From the news, Vigil already knew the fires had killed dozens of people and that hundreds more were missing. Under orders from HHS, he hopped on a plane to Butte County, California, where he advised local coroners about how to deal with the influx of fatalities.

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The Great Equalizer: Barbara Ehrenreich and the ethics of dying.

There’s no surer sign that life has become too comfortable for the rich than when they try to buy immortality. The first Chinese emperor enlisted scholars in his search for the elixir of eternal life and, after none was discovered, had them buried alive, figuring that if any of them was a true alchemist, he would return from the dead to share his secrets. (None ever did, but the emperor’s penchant for drinking mercury—which he believed also had life-giving properties—probably didn’t end up helping him live a long life.)

Continue reading “The Great Equalizer: Barbara Ehrenreich and the ethics of dying.”

The Death Positive Roots of Halloween

Halloween was once intricately tied to a day when we actively engaged with death; and facing our own mortality was at the heart of the celebration.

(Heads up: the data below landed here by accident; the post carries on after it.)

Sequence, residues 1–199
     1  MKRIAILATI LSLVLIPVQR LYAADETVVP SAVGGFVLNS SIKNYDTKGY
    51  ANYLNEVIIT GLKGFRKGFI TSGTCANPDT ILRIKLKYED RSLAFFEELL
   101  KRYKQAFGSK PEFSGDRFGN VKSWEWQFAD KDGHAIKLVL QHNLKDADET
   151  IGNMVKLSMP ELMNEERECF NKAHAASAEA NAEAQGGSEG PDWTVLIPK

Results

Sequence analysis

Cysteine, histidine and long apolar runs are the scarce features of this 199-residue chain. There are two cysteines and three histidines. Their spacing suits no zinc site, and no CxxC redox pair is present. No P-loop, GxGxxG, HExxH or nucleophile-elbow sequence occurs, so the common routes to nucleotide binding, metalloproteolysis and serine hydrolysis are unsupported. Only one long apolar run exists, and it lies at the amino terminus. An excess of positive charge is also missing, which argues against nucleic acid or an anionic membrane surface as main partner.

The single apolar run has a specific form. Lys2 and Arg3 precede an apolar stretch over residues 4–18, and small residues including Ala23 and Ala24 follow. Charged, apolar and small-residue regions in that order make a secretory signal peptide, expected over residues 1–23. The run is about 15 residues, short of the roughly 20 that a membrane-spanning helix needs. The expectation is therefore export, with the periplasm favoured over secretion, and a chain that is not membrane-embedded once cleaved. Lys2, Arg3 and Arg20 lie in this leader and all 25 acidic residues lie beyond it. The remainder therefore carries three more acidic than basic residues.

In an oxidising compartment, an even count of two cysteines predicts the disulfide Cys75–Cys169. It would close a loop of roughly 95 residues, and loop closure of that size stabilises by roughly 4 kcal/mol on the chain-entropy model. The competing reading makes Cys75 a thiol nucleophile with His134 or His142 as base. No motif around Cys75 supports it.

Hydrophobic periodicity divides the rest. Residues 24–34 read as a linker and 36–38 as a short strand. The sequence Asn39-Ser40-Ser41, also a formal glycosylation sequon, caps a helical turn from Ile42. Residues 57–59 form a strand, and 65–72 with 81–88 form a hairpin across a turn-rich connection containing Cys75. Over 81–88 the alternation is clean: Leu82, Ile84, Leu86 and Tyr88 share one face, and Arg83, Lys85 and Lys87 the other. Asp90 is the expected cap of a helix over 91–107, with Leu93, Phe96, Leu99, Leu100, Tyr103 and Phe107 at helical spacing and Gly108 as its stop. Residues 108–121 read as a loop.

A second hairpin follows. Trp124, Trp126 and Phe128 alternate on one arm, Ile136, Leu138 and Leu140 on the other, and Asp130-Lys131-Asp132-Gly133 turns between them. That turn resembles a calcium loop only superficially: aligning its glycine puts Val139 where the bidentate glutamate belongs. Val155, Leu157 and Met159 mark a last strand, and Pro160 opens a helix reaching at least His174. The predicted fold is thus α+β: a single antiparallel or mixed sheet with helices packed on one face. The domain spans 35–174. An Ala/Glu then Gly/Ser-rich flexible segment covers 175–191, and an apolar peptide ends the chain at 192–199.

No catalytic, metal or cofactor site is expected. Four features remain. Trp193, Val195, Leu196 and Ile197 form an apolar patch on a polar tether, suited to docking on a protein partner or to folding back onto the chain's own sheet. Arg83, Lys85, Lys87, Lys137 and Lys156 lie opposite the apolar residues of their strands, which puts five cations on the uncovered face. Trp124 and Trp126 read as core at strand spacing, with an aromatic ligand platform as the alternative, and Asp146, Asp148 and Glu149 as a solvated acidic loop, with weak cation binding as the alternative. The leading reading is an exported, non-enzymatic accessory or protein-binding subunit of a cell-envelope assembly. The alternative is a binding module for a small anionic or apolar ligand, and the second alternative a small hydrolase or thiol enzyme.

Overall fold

Americans have a strange relationship with death. We love our death wrapped up and packaged for us in the guise of entertainment – dedicating hours of our lives to killing others and subsequently dying ourselves in video games, our film and television choices feature death as a constant theme in popular shows like The Walking Dead, American Horror Story and Game of Thrones. Even our most celebrated universal cultural observance, Halloween, is one that delights in death. We create cemeteries on our lawns, hang skeletons around the house, and snack on cookies made to look like severed fingers.

In spite of this, to speak of death and dying outside of these safe boundaries we’ve created, typically elicits a negative reaction. We surround ourselves with death and yet, we are painfully uncomfortable actually talking about it. Perhaps this is precisely why we love Halloween so much, as it allows for an acceptable place and time to explore and sate some of our curiosity and fear, surrounding the subject.

There was once a time when this uniquely American holiday was intricately tied to a day when we actively engaged with death; and facing our own mortality was at the heart of the celebration.

Many different cultures, religious beliefs, marketing and even historical events throughout the centuries have contributed to the traditions of Halloween. Most notable among them are the Roman festival of Pomona, and the church appointed observances of All Saints’  and All Souls’ Day, but none more than the Celtic festival of Samhain.

Read More – The Death Positive Roots of Halloween – Order of the Good Death